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CHILD Protection & Child Rights » Vulnerable Children » Children's Issues » Child Sexual Abuse » Police Procedures and Protocols

By Trishla Jasani & Sneha Kupekar (Edited by Sheela Sail- DCP Enforcement, Mumbai Police) *
  1. Receipt of Information Under Section 154 of CRPC a complaint of any cognizable offence can be made telephonically or through an application or in person by the victim or a person familiar with the facts of the case. If the victim is present at the time of lodging a complaint, then the FIR can be filed immediately. However, if the complaint is made by a third party or telephonically or through an application, then the police firstly visit the place of occurrence and speak with the victim to ascertain the facts of case and then record the FIR. If the complaint is lodged out of jurisdiction, then the FIR can be filed and then transferred to the relevant police station.

  2. Registration of FIR The child victim is interviewed by a police officer, sometimes in presence of a social worker. A lady officer/constable is present throughout all the process if a female victim is involved. If a lady constable is unavailable then the police have a list of NGO?s, Social Workers, Doctors and the Mahila Dakshata Committee through which a lady witness is made available. If urgent medical/ psychological attention is needed, then it has to be done before the FIR is registered. However, a precise station diary entry has to be made. While filing an FIR, it is important to ensure that all the ingredients mentioned in the relevant section of the IPC and other acts are recorded in the FIR.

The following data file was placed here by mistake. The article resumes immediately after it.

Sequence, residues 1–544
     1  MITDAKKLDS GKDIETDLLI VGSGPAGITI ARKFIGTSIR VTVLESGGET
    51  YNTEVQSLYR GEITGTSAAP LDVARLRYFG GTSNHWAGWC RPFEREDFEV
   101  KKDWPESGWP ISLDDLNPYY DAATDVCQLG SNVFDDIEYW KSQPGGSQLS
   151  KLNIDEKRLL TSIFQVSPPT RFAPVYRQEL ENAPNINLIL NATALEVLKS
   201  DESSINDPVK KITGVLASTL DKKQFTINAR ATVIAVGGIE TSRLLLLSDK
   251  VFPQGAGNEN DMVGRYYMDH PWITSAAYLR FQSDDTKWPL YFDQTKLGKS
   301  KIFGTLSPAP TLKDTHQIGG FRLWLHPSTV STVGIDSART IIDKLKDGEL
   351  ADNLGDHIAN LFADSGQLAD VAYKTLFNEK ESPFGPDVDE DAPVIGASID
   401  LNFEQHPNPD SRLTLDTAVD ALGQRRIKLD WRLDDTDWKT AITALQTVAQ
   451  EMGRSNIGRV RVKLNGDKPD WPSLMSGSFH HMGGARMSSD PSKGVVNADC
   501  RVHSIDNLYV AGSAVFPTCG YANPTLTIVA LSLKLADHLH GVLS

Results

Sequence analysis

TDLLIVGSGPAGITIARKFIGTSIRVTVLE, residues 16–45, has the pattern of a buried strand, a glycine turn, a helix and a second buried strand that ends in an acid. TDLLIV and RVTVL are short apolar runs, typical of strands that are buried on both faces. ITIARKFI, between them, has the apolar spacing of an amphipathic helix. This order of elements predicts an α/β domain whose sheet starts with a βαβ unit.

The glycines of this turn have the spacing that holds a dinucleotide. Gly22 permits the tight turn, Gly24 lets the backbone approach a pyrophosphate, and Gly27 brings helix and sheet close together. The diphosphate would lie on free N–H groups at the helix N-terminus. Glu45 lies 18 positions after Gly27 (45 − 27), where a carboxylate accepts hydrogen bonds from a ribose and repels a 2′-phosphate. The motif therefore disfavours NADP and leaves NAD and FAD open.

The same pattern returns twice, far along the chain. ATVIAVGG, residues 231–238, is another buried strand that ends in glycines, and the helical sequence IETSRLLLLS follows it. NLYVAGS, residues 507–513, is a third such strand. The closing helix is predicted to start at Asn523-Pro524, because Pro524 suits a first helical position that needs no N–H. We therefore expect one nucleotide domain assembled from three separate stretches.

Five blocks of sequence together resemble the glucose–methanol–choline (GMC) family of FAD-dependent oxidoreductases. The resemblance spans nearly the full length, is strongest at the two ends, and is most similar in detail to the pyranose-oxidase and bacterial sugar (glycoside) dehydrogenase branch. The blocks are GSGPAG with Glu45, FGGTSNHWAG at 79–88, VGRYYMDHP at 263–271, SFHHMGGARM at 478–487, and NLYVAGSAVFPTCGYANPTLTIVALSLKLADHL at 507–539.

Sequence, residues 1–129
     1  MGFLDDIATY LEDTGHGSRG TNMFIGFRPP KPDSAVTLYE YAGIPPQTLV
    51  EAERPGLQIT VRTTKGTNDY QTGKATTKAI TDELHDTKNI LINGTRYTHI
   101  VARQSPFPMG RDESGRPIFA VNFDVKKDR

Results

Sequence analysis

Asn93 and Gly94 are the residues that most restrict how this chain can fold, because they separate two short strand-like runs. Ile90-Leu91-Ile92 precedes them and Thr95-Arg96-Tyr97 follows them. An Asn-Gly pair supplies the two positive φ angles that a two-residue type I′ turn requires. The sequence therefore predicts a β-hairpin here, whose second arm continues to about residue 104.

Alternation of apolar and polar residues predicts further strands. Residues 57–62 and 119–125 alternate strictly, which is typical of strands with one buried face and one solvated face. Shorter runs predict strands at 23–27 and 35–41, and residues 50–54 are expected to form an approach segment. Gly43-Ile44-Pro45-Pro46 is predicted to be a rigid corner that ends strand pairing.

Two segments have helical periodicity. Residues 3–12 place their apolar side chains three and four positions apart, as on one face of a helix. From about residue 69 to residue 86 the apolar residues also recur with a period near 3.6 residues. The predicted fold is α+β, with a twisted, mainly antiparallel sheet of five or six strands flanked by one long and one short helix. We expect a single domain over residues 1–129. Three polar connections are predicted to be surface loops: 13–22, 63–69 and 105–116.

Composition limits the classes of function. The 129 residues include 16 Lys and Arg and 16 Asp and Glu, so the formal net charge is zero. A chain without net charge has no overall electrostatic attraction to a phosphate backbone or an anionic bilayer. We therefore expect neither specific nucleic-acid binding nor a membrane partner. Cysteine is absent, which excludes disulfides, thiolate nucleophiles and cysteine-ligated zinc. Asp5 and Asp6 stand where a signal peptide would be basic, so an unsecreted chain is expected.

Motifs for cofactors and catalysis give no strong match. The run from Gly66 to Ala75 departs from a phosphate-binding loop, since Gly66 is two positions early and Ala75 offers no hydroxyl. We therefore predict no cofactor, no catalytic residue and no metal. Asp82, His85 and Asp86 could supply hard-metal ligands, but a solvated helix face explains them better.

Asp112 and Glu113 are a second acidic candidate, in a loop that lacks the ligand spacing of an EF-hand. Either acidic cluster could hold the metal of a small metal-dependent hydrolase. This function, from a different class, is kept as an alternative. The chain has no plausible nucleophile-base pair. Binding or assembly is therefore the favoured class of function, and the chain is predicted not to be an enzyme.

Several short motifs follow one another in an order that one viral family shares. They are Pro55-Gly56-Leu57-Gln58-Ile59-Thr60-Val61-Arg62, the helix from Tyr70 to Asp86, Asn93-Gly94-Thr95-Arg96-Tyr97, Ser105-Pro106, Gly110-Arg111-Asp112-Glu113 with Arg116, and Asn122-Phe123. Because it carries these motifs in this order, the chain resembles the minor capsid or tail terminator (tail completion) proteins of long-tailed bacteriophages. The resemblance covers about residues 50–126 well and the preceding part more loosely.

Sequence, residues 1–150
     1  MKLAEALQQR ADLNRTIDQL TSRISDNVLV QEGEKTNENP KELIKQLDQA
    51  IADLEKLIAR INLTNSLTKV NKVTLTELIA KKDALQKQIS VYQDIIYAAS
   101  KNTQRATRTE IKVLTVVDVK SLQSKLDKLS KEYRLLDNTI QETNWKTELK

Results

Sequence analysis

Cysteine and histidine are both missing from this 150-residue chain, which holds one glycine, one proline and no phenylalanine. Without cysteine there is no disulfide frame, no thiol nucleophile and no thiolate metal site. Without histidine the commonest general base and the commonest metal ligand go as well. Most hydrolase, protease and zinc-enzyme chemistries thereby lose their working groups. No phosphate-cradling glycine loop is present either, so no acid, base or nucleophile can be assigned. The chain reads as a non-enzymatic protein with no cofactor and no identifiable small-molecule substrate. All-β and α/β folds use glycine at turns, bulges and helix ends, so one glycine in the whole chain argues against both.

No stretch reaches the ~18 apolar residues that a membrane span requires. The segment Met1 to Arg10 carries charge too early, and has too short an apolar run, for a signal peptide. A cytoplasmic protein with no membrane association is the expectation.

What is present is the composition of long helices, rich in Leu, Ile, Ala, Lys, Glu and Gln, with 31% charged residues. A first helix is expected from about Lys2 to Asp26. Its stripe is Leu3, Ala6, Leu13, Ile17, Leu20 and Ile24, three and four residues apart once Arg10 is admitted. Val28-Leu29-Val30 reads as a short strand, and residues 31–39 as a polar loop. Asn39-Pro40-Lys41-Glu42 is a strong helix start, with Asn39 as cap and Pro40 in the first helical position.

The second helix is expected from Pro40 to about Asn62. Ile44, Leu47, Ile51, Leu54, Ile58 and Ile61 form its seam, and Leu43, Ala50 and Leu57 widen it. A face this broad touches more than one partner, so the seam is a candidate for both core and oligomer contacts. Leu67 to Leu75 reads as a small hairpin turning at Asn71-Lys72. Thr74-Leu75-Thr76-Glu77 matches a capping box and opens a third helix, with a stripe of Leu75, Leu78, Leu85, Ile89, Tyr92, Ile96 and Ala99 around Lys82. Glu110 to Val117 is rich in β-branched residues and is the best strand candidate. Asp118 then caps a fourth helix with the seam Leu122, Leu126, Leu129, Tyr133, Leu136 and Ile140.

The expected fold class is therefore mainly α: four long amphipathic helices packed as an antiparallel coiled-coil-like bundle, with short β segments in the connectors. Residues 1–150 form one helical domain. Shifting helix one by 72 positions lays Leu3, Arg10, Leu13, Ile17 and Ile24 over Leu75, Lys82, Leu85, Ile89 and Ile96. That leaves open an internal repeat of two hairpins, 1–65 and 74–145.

First Information Report (FIR)

    First Information Report (FIR) is a written document prepared by the police when they receive information about the commission of a cognizable offence. It is a report of information that reaches the police first in point of time and that is why it is called the First Information Report.

    Anyone can file an FIR as long as they have knowledge about a cognizable offence. When an oral report of an offence is given, the police are required to write it down and read it back to you if you want them to. The FIR must be signed by the person giving the complaint. It is your right to get a copy of the FIR free of cost. If it is not given to you please ask for it. The FIR must include the name and address of the person filing the complaint, date, time and location of the offence, true facts of the incident and names and descriptions of people involved as well as witnesses.

    Please ensure that you never make a false complaint, give wrong information, exaggerate or distort facts or make unclear or vague statements.

    In the case that your FIR has been refused or not lodged you may write a complaint to the Superintendent of Police, file a private complaint in a court having jurisdiction. 21

  3. Concurrent action to be taken at the time of registration of FIR Steps that are taken after a complaint is lodged:
    • FIR is registered
    • A separate team takes the victim to the hospital
    • Another team is sent to the place of occurrence
    • A team is sent to pursue the offender
    • If the accused is absconding, neighbouring police stations are informed